Friday, January 9, 2015

Dino to bird - off on the wrong foot

The revival of the dino to bird idea began with the work of John Ostrom in the 1970's. But Ostrom misinterpreted the flightless Deinonychus as a land-based transitional between dinosaur and Paraves.
But it is now clear that Deinonychus is a secondarily flightless member of Paraves. It is a secondarily flightless dromaeosaur which is included in Paraves. "Secondarily" means that it descended from a flying ancestor.
The current dino to bird theory revival dates back to Ostrom's misinterpretations in the 1970's.
There is no connection between actual dinosaurs and Paraves.

Relevant links:
With the benefit of hindsight it is easy to see that if fossils of the
small flying dromaeosaurs from China had only been discovered before the larger flightless dromaeosaurs like Deinonychus or Velociraptor were found, the interpretations of the past three decades on how birds are related to dinosaurs would have been significantly different. If it had already been established that dromaeosaurs were birds that could fly, then the most logical interpretation of larger flightless dromaeosaurs found afterwards would have to be that they represented birds, basically like the prehistoric equivalent of an Ostrich, which had lost their ability to fly.
At least two schools of researchers have proposed that dromaeosaurids may actually be descended from flying ancestors.

They even have a category for the flightless members of Dromaeosauridae which are actually secondarily flightless:
Temporal range: Early Cretaceous – Late Cretaceous, 143–66Ma

Eudromaeosauria ("true dromaeosaurs") is a subgroup of terrestrial dromaeosaurid theropod dinosaurs. They were relatively large-bodied, feathered hypercarnivores (with diets consisting almost entirely of other terrestrial vertebrates) that flourished in the Cretaceous Period.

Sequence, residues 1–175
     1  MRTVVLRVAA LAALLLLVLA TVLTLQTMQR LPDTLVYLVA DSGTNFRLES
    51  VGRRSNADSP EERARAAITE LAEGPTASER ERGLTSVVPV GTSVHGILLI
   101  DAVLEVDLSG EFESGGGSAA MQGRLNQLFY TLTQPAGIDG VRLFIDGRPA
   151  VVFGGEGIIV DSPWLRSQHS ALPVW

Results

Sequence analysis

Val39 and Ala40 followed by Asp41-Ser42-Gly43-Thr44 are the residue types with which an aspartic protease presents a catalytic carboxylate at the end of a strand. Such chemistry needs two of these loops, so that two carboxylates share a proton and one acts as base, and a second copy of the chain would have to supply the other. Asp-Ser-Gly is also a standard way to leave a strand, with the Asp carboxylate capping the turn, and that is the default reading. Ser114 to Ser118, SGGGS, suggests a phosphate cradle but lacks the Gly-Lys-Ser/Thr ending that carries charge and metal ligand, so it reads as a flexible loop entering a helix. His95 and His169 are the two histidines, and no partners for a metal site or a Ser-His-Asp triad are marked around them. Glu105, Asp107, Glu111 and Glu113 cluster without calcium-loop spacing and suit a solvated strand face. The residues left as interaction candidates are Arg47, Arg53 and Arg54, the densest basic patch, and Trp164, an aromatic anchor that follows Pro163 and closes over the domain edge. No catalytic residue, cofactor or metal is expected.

If some maniraptorans were
birds, and if birds were not theropods, similarities
between maniraptorans and theropods could
be readily explained by convergence on a cursorial
morphotype subsequent to the loss of flight.
Even distantly related reptiles could converge
closely, in some cases almost indistinguishably,
on the theropod morphotype through the acquisition
of cursoriality, as the case of Effigia, noted
above, dramatically demonstrates (Nesbitt and
Norell 2006, Nesbitt 2007). If this is the case, some
maniraptorans represent lineages of cryptic birds
whose true phylogenetic relationships have been
obscured by convergence and the loss of flight.
Given the evidence that some maniraptorans
may belong within Aves and that, consequently,
Aves may not belong within Theropoda, this possibility
must be seriously considered.
In the case of Effigia, the trend toward bipedalism produced extreme convergence throughout the cranial and
postcranial skeleton on that of highly cursorial
ornithomimosaurs, with further convergence on
numerous characters of the avemetatarsalian,
dinosaurian, theropod, neotetanurine, and coelurosaurian
skeletons; in some cases, the relevant
characters are identical across taxa (Nesbitt and
Norell 2006, Nesbitt 2007).

The taxa that were originally thought to provide support for a dino to bird theory (eg. Deinonychus) are no longer considered to be related to the purported line from dinosaur to Paraves. Rather they are members of Paraves.
Several years later, Ostrom noted similarities between the forefeet of Deinonychus and that of birds, an observation which led him to revive the hypothesis that birds are descended from dinosaurs.[34]
Saurischian monophyly and the origin of birds
Jacques Gauthier
Ostrom (1976)
This is the original Ostrom article. He notes the similarity of caudal rods.
Page 135:
Of greatest interest, though, is the peculiar elongated form of the zygopophyses
of the last 15 to 16 vertebrae. While not so extreme as in the dromaeosaurids
Deinonychus or Velociruptor, or in the rhamphorhynchoid pterosaurs, their
form is very reminiscent of the condition in struthiomimid theropods.
Similarly, the chevrons behind the seventh caudal are also greatly elongated
antero-posteriorly and severely flattened dorso-ventrally, as in both
struthiomimids and dromaeosaurids.
To the best of my knowledge, these conditions are not known in any pseudosuchian, or in any other reptile other than the theropods cited and rhamphorhynchoids.,d.aWw